A source pointed out that the violations included the flying of spy drones on Al-Jabalyah district. They staged attacks by artillery shells, and live bullets.
A UN-brokered truce in Yemen first came into effect on 2 April, and for an initial two months. It was renewed for another two months in June.
The deal stipulated halting offensive military operations, including cross-border attacks, and allowing fuel-laden ships to enter Yemen's lifeline Hodeidah port and commercial flights in and out of the airport in the capital Sana'a "to predetermined destinations in the region."
However, in light of UN silence, the Saudi-led aggression was still obstructing flights to the Sana'a International Airport in Yemen’s capital and detaining fuel ships that were headed to the country. The fires of the aggression side did not subside along the fronts, on the borders and inside, including shelling, reconnaissance, development and crawl.
When the period specified for the military and humanitarian truce was nearing its end, the US-Saudi aggression seemed to be in a hurry to adopt the option of extending it for the third time to freeze the battle in Yemen and its economic repercussions away from global energy markets.
The forces of aggression are pushing for an extension, not out of concern for peace, but rather out of fear that the escalation will add more complications to the international scene in addition to the crisis imposed by the Russian-Ukrainian war.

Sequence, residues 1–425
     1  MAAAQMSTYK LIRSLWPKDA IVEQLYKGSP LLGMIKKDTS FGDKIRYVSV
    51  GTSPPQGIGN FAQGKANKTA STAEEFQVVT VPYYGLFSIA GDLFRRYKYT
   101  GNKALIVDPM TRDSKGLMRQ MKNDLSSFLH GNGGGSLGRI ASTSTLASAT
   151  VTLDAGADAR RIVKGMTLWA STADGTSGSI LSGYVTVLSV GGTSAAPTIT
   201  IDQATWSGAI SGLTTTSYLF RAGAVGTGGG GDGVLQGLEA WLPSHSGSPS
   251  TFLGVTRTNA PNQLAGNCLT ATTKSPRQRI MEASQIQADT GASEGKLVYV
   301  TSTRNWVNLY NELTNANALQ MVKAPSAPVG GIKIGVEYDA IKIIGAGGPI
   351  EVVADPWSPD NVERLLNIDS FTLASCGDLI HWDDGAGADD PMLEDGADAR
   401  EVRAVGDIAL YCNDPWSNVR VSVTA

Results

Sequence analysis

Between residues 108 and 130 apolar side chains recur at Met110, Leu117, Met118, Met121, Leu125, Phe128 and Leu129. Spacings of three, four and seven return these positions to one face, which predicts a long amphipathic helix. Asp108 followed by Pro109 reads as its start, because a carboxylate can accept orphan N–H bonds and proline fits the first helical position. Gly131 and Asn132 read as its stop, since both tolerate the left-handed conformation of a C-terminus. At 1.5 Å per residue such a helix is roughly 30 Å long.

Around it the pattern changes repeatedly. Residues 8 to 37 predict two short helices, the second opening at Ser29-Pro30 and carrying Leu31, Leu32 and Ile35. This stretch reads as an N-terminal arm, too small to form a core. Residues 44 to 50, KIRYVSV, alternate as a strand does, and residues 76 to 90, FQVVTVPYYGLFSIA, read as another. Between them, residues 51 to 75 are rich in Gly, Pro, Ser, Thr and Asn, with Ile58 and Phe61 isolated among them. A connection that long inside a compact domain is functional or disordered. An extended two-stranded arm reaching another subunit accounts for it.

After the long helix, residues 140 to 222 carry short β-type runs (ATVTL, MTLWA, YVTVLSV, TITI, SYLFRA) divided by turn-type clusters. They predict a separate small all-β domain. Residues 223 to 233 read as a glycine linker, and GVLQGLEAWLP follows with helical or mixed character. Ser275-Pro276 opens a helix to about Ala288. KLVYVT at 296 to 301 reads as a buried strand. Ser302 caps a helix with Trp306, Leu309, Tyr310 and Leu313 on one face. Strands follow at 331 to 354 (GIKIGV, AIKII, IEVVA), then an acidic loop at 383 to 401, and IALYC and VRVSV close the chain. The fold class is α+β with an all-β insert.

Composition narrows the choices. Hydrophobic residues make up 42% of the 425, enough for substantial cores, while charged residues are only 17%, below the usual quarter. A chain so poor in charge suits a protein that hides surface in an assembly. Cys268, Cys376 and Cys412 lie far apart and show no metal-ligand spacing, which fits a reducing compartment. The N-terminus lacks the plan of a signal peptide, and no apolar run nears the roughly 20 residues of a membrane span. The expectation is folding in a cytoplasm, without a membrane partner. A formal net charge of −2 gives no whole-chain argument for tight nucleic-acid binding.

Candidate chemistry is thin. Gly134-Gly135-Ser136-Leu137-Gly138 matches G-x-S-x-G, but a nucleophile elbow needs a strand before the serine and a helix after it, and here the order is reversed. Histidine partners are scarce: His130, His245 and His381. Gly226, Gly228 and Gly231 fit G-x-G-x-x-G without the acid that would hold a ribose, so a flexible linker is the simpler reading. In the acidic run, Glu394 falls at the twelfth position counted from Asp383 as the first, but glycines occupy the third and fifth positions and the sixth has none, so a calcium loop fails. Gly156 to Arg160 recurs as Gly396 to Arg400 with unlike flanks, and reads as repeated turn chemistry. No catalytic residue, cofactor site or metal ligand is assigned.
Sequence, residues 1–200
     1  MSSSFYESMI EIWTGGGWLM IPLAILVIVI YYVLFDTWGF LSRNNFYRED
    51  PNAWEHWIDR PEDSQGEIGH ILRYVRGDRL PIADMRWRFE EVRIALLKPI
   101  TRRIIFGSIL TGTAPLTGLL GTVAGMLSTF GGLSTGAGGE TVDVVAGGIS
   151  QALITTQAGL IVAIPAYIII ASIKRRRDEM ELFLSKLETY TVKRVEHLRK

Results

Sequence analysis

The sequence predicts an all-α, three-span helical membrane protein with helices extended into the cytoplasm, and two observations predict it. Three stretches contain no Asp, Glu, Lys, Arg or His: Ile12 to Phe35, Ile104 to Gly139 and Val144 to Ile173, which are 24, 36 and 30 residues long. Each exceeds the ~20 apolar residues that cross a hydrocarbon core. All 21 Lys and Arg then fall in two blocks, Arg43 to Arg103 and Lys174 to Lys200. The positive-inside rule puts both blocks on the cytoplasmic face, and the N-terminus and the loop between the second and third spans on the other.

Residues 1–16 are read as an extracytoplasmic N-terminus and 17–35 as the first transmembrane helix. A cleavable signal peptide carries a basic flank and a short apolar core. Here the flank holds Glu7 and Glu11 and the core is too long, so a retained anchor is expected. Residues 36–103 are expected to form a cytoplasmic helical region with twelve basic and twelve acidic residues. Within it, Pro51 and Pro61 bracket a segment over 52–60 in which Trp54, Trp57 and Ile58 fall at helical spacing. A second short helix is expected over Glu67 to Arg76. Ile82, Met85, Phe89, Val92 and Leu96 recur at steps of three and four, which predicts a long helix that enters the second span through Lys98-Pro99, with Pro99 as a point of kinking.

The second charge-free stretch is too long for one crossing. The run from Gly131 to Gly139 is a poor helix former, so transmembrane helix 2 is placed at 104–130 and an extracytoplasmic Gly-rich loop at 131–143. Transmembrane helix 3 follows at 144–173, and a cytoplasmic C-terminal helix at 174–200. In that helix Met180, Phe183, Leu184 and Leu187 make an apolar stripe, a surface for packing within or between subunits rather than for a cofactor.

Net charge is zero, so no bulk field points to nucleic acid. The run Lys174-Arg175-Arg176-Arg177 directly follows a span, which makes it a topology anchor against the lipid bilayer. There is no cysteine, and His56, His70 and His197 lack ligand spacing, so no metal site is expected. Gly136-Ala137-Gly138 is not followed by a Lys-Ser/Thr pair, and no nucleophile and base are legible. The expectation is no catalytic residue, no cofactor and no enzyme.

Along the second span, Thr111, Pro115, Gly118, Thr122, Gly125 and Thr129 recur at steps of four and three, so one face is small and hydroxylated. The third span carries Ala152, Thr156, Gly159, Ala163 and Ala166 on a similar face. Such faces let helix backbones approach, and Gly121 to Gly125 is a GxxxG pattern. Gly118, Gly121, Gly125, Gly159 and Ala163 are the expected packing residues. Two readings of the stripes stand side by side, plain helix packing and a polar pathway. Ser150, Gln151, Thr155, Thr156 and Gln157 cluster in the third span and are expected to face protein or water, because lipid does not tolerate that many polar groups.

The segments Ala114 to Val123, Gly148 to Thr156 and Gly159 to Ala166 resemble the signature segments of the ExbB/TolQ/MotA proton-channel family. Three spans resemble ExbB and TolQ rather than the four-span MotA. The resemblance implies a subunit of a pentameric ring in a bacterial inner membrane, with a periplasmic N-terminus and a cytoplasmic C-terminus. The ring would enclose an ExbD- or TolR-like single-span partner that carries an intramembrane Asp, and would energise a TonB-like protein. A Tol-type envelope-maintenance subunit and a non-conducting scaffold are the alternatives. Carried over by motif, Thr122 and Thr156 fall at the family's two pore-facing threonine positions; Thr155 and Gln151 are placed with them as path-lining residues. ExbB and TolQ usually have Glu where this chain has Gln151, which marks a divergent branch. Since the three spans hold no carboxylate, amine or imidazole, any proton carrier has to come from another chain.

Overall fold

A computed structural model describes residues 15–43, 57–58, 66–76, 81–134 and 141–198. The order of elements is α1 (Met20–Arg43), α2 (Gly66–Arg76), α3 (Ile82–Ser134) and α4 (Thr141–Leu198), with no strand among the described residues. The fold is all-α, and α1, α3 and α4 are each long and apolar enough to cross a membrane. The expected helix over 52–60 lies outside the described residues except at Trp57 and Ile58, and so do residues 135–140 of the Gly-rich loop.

A truce, the positive effects of which have not been felt by the citizens over the past months, despite its broad headlines. Commercial flights to Cairo are still stumbling until today, and the navy of aggression continues to pursue fuel ships without respect for agreements or any regard for international laws and norms.
Double standards regarding the violations of the forces of aggression and its provocative practices is a double UN policy that has brought the crisis in Yemen to its current level of misery and deprivation that has affected everyone far from justice and the realization of the rights of the Yemeni people.
The Supreme Political Council requires, in order to extend the truce, the commitment of the Saudi-led aggression to pay the salaries of all employees and the rest of the services, as a natural entitlement that is not subject to extortion. Before that, the complete blockade of Sana’a airport and the port of Hodeidah must be lifted as a criterion for demonstrating the seriousness and goodwill in the faltering peace process in Yemen.
The truce has been renewed for an additional two months through 2 October, UN Special Envoy for Yemen, Hans Grundberg, announced.
The extension includes a commitment by the Saudi-led aggression and the Salvation Government to intensify negotiations to reach an expanded agreement as soon as possible.
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